Truckers in Ohio should be aware that the very beverages that help keep them awake on the road may be doing them harm in the long term and, in fact, raising their risk for an accident. This is according to a new study, the results of which were published in the journal Safety Science. A U.K. researcher, in partnership with the Virginia Tech Transport Institute, analyzed the behaviors of 3,000 truck drivers and discovered the following.
The drivers were selected because they fell under one of two categories: low coffee drinkers with one cup a day or high coffee drinkers with more than five cups per day. Of the first group, 21.6% admitted in a questionnaire that they were in a crash in the past three years while 27.8% of the second group answered the same. While there is no proof of causation, the link between coffee consumption levels and the higher crash rate does warrant further study.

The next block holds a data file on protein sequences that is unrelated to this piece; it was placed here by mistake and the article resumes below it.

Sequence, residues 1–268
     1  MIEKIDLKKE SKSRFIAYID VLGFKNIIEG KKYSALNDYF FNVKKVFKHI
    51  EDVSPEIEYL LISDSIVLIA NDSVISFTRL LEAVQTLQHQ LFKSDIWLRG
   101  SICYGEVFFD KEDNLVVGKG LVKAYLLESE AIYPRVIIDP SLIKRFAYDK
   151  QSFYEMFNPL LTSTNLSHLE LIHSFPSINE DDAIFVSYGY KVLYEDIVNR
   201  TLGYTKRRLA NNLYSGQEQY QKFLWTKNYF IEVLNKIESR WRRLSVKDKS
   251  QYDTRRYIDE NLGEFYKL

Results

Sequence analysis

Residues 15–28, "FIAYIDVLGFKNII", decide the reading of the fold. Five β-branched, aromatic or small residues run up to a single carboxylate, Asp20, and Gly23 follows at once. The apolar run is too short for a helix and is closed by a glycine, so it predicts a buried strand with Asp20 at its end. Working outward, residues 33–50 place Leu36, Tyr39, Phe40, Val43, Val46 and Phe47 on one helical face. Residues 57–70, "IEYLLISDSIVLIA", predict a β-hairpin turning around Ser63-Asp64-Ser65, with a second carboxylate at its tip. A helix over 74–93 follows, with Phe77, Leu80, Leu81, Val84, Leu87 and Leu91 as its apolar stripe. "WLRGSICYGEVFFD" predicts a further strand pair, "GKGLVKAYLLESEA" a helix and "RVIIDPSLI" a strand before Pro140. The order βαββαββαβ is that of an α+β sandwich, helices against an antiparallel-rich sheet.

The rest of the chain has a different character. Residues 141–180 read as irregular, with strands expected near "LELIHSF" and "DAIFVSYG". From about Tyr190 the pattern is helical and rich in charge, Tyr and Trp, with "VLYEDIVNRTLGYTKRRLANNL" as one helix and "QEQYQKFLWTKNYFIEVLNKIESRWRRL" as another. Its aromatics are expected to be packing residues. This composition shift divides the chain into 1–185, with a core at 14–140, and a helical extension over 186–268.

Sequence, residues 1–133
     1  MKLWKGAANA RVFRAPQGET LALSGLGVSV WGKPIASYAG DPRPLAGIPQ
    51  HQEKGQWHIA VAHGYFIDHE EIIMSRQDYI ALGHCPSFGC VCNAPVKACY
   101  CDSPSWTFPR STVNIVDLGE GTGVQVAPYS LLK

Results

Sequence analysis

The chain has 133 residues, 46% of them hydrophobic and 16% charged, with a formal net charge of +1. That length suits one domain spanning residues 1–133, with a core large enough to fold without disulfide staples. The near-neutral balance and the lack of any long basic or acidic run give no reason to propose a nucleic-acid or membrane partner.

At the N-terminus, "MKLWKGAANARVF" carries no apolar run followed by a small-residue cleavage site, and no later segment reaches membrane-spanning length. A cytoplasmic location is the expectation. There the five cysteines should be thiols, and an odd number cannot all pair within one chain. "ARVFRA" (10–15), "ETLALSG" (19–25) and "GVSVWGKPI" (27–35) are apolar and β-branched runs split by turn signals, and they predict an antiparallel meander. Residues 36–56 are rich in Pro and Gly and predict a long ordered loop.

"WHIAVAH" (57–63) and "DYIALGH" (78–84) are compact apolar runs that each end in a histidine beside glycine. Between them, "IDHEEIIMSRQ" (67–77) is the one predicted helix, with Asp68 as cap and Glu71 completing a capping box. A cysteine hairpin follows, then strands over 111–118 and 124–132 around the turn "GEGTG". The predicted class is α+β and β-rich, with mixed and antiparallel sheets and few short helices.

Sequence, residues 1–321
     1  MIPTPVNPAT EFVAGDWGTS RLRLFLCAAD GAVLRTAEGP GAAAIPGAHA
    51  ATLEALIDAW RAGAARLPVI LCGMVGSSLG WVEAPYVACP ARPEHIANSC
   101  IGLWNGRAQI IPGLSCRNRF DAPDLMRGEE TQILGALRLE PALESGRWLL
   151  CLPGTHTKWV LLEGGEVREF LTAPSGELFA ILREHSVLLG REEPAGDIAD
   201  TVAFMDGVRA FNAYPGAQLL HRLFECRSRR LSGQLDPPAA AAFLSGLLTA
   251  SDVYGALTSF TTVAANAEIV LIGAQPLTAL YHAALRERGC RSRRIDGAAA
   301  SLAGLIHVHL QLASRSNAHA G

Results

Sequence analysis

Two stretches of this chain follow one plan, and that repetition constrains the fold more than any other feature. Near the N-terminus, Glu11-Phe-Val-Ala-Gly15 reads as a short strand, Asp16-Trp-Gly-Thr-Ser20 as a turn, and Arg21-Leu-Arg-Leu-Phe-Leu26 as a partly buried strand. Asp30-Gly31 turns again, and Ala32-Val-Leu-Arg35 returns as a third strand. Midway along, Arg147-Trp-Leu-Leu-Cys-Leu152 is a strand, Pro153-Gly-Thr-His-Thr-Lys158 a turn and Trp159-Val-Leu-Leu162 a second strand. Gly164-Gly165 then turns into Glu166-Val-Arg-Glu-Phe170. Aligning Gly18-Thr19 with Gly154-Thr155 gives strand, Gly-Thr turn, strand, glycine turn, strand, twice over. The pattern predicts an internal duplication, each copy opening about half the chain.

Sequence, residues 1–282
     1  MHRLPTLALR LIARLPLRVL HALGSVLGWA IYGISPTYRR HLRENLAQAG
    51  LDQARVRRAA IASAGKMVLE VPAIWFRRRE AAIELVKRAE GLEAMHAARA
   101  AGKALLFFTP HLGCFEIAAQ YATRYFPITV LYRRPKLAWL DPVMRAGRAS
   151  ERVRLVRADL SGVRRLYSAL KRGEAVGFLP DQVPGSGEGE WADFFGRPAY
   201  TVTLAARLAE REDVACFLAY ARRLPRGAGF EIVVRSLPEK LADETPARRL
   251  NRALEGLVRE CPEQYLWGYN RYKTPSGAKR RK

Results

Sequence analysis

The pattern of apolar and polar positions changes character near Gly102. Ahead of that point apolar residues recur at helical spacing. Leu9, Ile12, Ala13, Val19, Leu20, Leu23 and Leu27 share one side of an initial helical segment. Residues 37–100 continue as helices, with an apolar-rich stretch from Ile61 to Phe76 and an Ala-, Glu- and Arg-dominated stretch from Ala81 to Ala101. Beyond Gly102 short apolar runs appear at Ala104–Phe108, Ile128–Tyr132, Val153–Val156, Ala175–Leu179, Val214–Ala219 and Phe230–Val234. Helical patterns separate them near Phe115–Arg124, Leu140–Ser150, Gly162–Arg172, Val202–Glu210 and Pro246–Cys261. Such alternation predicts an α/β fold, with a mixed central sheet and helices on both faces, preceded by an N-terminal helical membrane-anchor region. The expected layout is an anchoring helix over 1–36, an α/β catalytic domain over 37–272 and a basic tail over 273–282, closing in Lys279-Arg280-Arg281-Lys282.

The link seems stronger when one considers how the high coffee drinkers reported poorer health overall. They tended to smoke, drink more alcohol, eat unhealthy foods and obtain less than restful sleep.
The study is unique in how it analyzes truckers’ actual behaviors with the influence of caffeine. Previous studies have only undertaken laboratory tests to determine the effect of caffeine on drivers.
One thing is clear: Truckers are prone to drive drowsy, which is an act of negligence. Whenever this is a factor in truck crashes, it may provide the basis for a personal injury claim. Victims of negligence are entitled to compensation for their medical bills, the income lost during their physical recovery and so on, but to file a claim and negotiate for a settlement covering these losses is another matter. Legal representation may be helpful.